Two years after filing a lawsuit that ultimately forced the city to dismantle its 28-year-old handgun ban, Otis McDonald walked into a police station Monday and applied for a permit allowing him to keep a gun at home.

The process took only 20 minutes, but McDonald said some of the requirements to obtain the permit seemed excessive. And though a gun permit was worth any price for him, he said he is concerned that the $100 fee could deter some law-abiding citizens from buying a handgun.

The city’s new gun ordinance, enacted after the U.S. Supreme Court gutted the law that banned handguns, allows each eligible gun owner in a home to buy one handgun a month. Each handgun requires a $100 permit that must be renewed every three years. Gun owners also are required to register all their guns with the city, at a cost of $15 per gun every three years.

“The process itself was not bad,” said McDonald, who initially plans to buy a .45-caliber handgun for his Morgan Park home. “But the unreasonable thing was the $100 many people will not be able to afford. And that’s a shame because they will continue to be vulnerable to the drug dealers and gangbangers.”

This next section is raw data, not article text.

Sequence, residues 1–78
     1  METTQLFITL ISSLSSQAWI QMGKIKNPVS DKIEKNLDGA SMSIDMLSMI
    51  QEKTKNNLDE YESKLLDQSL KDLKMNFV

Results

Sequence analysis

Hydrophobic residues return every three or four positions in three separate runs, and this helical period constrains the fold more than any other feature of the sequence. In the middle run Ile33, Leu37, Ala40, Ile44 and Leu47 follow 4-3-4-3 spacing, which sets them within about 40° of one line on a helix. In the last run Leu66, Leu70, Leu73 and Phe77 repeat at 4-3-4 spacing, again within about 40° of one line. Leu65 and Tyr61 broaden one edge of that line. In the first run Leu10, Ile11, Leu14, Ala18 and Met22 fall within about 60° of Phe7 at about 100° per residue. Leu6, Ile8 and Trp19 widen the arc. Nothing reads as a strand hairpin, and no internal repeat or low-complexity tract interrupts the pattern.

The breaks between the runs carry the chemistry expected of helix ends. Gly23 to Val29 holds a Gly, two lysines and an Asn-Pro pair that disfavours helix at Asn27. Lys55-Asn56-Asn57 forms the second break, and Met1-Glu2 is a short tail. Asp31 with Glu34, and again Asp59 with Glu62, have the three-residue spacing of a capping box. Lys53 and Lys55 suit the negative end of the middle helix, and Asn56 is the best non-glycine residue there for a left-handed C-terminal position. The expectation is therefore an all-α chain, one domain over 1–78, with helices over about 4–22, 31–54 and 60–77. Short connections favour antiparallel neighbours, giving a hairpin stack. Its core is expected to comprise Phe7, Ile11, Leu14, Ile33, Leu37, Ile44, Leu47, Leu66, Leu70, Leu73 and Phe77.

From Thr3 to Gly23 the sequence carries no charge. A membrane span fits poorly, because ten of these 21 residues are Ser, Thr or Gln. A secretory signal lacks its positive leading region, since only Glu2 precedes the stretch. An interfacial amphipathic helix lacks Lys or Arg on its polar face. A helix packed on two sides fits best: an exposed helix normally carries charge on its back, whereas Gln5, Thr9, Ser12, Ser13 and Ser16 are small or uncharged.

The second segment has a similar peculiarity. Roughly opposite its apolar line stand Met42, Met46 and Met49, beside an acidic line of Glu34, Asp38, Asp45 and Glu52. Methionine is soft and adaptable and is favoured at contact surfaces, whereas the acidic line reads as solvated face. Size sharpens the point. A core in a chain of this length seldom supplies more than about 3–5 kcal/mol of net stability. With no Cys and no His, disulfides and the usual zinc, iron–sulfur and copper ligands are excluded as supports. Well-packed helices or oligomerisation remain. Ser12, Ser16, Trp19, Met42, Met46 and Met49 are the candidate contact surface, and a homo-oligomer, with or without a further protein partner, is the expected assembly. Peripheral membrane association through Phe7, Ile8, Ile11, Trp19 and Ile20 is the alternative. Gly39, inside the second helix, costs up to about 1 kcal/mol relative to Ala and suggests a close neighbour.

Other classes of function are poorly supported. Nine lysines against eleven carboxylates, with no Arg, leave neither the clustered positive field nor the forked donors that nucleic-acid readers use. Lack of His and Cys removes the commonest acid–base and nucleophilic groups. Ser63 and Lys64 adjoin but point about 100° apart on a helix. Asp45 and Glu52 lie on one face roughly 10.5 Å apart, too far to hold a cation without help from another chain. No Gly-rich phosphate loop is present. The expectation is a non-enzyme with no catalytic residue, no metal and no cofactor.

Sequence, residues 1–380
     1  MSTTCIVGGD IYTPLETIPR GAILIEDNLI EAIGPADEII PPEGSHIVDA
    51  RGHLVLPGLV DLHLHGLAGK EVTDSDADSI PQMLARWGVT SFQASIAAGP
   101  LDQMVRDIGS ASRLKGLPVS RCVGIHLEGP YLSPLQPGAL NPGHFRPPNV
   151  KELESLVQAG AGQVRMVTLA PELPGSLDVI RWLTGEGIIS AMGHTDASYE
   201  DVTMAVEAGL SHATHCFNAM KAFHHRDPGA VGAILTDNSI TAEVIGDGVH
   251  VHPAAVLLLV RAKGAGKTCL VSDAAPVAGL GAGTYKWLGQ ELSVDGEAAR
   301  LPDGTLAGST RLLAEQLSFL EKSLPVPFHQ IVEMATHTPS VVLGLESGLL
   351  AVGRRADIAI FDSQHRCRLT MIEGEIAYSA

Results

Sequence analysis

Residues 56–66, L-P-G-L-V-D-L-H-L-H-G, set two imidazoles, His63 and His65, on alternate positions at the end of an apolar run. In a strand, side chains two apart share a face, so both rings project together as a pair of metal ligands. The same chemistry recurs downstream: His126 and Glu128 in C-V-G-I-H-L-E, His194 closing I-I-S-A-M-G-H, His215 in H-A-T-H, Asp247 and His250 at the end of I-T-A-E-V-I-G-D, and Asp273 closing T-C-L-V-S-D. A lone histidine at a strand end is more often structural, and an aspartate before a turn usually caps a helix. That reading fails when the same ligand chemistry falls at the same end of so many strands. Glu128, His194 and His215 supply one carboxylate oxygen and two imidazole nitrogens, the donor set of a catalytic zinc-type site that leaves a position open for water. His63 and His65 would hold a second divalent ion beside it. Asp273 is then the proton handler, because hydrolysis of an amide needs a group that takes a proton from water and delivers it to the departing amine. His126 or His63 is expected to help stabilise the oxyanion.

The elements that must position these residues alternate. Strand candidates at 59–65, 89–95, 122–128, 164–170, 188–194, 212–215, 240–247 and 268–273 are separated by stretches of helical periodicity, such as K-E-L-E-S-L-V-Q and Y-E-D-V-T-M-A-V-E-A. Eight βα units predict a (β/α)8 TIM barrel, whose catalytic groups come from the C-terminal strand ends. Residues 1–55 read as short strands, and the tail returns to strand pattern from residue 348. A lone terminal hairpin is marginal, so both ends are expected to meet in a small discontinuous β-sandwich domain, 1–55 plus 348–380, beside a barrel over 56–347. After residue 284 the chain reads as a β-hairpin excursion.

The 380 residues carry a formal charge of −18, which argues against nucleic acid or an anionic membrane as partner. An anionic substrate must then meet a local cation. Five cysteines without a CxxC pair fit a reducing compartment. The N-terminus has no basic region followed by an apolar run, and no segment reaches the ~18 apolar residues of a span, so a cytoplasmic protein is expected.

As of Monday, police said they had accepted 83 applications for gun permits since the process started two weeks ago.

McDonald showed up at the police station along with the three other plaintiffs in the lawsuit that successfully challenged the handgun ban, who also applied for firearm permits. It could take 10 days to three months for workers to process the applications.

Source: Dahleen Glanton for Chicago Tribune.

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